When people commit crimes, it is common in our society that they be sent to prison. Throughout history, prison has been a constant and reliable punishment for those who break the law. However, the question of crime and punishment far exceeds the confinements of any jail; although those who break the law deserve to undergo some type of punishment, and jail is by far one of the most humane types of punishment in our history, it is not without its repercussions.
Punishment for crimes serves to prevent people from committing crimes in the first place, as well as to prevent repeat offenses. However, many argue that rehabilitation is a better option, either to be used instead of or with incarceration. Sadly, rehabilitation is astonishingly lacking, leaving people unprepared to re-enter society and increasing the chances that they end up back in prison — or worse.
The Effects of “Prisonization”
Since the current criminal system does little to ensure that ex-inmates will be able to rejoin society, it has major and lasting repercussions. Even basic human interactions become difficult after spending time in prison. The BBC reported on these effects, also called “prisonization.”
The effects of
The report also found there to be some hope and positive effects of inmate’s time in prison. According to surveys, which were reported to be unbiased, they found that “while the prisoners scored lower on extraversion, openness, and agreeableness, as you might expect, they actually scored higher on conscientiousness, especially the ‘sub-traits’ of orderliness and self-discipline.” These findings support a positive personality adjustment.
Mental Health is Key
Despite any positive benefits that might be developed on an inmate’s personality in prison, the negative consequences are critical to consider. Many of the above-mentioned changes associated with time in prison are also signs of mental illnesses such as depression; for many, prison creates trauma in the mind. For example, feeling emotionally numb, being cold, detached, and emotionally withdrawn are typical indicators of depression.
It is no surprise, then, that when freed from prison, many people aren’t capable of re-entering society in a healthy way. This also greatly increases the odds that an ex-prisoner will self-medicate with drugs or alcohol, and consequently acquire an addiction. In fact, mental health and substance abuse experts have found the following correlations with trauma exposure and substance abuse:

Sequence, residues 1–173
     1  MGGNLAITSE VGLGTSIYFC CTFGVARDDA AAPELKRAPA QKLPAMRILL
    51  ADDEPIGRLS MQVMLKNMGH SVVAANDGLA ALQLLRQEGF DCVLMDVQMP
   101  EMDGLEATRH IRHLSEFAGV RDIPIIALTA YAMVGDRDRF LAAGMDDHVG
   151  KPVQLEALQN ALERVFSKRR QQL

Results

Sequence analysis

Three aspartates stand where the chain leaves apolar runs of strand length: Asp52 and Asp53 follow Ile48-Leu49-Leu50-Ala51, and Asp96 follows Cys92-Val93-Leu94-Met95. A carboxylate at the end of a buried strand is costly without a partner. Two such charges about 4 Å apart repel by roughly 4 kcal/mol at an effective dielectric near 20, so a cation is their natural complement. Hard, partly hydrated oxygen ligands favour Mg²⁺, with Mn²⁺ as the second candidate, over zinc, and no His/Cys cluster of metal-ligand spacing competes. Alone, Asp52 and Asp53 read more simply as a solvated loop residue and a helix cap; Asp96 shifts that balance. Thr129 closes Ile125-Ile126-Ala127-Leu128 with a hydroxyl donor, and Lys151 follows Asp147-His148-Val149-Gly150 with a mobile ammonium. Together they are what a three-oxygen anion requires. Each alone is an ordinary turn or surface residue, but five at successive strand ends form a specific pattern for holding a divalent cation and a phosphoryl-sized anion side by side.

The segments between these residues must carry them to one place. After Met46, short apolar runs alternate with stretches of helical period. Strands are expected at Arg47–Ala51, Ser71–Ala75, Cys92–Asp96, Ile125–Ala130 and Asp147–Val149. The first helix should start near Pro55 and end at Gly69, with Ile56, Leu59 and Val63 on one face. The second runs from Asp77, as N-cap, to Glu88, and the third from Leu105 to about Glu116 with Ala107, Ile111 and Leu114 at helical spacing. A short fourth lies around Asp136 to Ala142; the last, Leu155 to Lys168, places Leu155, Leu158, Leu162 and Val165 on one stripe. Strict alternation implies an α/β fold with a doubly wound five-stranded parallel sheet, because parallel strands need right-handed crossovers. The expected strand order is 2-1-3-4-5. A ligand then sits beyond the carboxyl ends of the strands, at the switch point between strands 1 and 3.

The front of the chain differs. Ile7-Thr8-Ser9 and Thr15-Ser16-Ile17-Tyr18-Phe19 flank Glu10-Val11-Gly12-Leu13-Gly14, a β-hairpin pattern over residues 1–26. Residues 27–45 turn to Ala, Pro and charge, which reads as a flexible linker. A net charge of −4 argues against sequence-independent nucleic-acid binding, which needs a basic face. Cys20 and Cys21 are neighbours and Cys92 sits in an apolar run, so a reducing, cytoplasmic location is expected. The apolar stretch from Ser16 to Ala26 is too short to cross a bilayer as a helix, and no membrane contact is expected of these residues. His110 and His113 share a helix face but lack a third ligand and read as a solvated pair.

Environmental factors also to play a role in mental illness and substance use development. For example, the National Child Traumatic Stress Network reported that more than 70% of adolescents receiving substance abuse treatment indicated a history of trauma exposure. Trauma exposure varies, but it can include neglect, family conflict, difficulties in school or friendships, bullying, poverty or medical illness.
Not only is it dangerous to abuse drugs and alcohol, but it can also land a liberated ex-inmate back in jail. For this reason, it is imperative that mental health professionals work together to provide adequate care — whether it is rehabilitation, therapy/counseling, or a combination, to ensure that ex-prisoners are able to rejoin society successfully.
Fortunately, the medical world is recently focused on increasing its efforts where mental health is concerned. It is no surprise that mental health challenges affect a myriad of factors in everyday life, and often increase the chances that a person will go to jail in the first place. Medical programs at universities across the U.S. are focusing on behavioral health in their curriculum, a revolutionary asset for the well being of citizens across the country.
Such development in the medical world can help those trying to regain control of their lives after getting out of prison. The psychological effects incurred will take time to overcome, but with hard work and the right treatment, it can be done. Besides seeking professional help from a psychologist or therapist, ex-inmates can do other things to get back on the path to a regular life.
The first matter at hand is to look into sealing or expunging their criminal record. Of course, not all records may be expunged, and laws will differ according to each state. If they can get their record expunged, however, it can make doing regular — and important — tasks a lot easier, such as getting a job, getting housing, being able to pursue further education, among other things.
Going to prison doesn’t indicate the end of your life. In the best cases, it can simply indicate the need to live your life differently. With reformation in healthcare, and also in the prison system itself, we, as a society, can design a better system — one that encourages re-entering society and offers ex-inmates a second chance and a fulfilled life.